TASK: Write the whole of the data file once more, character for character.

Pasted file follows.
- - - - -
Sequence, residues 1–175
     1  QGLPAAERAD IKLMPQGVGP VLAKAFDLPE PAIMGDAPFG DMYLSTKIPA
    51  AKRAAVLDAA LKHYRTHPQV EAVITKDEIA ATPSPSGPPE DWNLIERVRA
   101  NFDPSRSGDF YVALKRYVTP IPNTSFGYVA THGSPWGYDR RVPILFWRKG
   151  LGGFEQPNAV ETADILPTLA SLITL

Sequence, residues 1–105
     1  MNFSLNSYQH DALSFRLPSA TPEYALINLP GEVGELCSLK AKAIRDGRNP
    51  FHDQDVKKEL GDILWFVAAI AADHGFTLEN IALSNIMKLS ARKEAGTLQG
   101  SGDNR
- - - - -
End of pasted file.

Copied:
Sequence, residues 1–175
     1  QGLPAAERAD IKLMPQGVGP VLAKAFDLPE PAIMGDAPFG DMYLSTKIPA
    51  AKRAAVLDAA LKHYRTHPQV EAVITKDEIA ATPSPSGPPE DWNLIERVRA
   101  NFDPSRSGDF YVALKRYVTP IPNTSFGYVA THGSPWGYDR RVPILFWRKG
   151  LGGFEQPNAV ETADILPTLA SLITL

Sequence, residues 1–105
     1  MNFSLNSYQH DALSFRLPSA TPEYALINLP GEVGELCSLK AKAIRDGRNP
    51  FHDQDVKKEL GDILWFVAAI AADHGFTLEN IALSNIMKLS ARKEAGTLQG
   101  SGDNR